“Restoring military readiness means lifting burdens on our military installations where possible and reasonable” Congressman Bridenstine said. “The U.S. military takes great pains to comply with the many regulations imposed by the Endangered Species Act (ESA). ESA imposes costs on our military every day. We need to balance those costs against the imperative of training and preparing the force.”
The Congressman noted errors in the studies for the original listings of two species, the Lesser Prairie Chicken and the American Burying Beetle. The LPC has already been de-listed. Both species are subjects of repopulation efforts and are thriving. Neither species is endangered or threatened, but both hinder military readiness.
Bridenstine further explained, “The McAlester Army ammunition plant in Eastern Oklahoma sits squarely in the Beetle’s known range. The plant jumps through hoops every day to deal with the ESA requirements and future plans to expand and modify the plant are impacted, too. We shouldn’t be burdening this Army ammunition plant or any other military installation for a species which is clearly thriving.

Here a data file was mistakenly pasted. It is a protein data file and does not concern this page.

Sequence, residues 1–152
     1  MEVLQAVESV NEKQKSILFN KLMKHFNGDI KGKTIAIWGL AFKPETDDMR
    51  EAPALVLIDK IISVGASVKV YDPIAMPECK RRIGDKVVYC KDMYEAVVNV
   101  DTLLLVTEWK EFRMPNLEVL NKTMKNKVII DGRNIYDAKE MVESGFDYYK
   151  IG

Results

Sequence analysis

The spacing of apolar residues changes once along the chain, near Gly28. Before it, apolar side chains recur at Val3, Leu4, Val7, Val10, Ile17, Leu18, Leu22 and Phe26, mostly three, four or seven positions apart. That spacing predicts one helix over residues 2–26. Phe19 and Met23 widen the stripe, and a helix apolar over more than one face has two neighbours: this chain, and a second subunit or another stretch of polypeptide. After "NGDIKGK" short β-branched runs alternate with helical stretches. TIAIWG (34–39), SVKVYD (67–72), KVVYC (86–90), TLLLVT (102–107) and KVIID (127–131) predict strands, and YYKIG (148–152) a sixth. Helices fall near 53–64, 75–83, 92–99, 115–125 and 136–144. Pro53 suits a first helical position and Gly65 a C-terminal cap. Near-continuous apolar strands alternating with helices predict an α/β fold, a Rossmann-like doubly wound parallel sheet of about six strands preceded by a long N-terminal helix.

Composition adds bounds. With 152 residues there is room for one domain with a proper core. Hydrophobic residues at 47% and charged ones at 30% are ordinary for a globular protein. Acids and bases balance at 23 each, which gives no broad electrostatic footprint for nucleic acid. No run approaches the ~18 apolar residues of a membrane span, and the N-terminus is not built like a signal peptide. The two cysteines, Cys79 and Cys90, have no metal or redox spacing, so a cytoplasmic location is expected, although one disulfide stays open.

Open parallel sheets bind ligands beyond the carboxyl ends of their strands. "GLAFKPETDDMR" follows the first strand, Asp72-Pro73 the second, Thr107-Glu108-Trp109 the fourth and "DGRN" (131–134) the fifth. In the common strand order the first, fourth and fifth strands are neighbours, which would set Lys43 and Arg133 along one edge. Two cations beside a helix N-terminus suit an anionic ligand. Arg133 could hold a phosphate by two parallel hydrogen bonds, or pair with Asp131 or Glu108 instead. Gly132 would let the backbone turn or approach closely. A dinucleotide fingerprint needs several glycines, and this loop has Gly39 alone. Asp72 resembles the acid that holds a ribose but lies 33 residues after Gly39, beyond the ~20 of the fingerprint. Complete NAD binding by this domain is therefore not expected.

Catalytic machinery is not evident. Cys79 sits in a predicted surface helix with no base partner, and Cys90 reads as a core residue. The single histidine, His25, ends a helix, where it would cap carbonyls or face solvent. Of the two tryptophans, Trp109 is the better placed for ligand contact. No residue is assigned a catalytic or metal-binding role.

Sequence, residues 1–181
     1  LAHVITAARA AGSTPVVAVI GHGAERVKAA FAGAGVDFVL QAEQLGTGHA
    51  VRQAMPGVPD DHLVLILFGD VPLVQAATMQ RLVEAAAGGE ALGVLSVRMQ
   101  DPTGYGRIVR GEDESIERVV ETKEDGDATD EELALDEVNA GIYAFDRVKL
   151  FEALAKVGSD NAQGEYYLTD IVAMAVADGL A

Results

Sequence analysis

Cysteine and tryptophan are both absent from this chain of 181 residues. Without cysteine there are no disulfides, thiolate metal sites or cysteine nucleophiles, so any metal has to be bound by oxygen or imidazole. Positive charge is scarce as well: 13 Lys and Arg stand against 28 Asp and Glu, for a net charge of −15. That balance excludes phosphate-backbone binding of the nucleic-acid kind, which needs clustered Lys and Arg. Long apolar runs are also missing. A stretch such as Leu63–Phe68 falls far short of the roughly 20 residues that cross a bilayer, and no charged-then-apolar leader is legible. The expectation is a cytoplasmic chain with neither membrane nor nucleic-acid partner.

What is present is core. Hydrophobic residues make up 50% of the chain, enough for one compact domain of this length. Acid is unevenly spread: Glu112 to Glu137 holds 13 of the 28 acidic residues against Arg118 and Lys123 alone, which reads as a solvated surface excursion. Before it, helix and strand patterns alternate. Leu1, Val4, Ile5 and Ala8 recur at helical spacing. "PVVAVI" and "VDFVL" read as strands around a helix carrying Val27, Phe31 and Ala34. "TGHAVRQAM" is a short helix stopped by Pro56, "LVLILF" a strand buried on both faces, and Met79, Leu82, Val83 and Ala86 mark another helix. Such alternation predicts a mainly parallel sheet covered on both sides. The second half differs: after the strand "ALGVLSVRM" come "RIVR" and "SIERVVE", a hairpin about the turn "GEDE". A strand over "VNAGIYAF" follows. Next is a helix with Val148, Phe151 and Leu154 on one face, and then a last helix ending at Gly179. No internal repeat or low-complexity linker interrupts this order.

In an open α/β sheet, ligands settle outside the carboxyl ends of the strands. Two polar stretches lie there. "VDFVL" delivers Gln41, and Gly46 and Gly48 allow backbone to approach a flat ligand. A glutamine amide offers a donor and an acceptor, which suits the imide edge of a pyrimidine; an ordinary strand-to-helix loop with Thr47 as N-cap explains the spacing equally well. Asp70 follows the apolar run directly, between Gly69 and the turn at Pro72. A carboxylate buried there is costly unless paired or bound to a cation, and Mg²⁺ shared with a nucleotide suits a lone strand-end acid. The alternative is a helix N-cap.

“There are seven military bases within the historic range of the Chicken, including in New Mexico, Texas, Colorado, and Oklahoma. All of these installations would face significant impacts if the LPC is relisted, particularly in terms of future expansion. Before we jeopardize readiness, let’s give time for the state-based conservation program to work.”
The amendment was approved as part of the FY17 National Defense Authorization Act (NDAA). The bipartisan bill authorizes funding for America’s armed forces and sets Department of Defense policy. Congress has passed the National Defense Authorization Act 53 years in a row.
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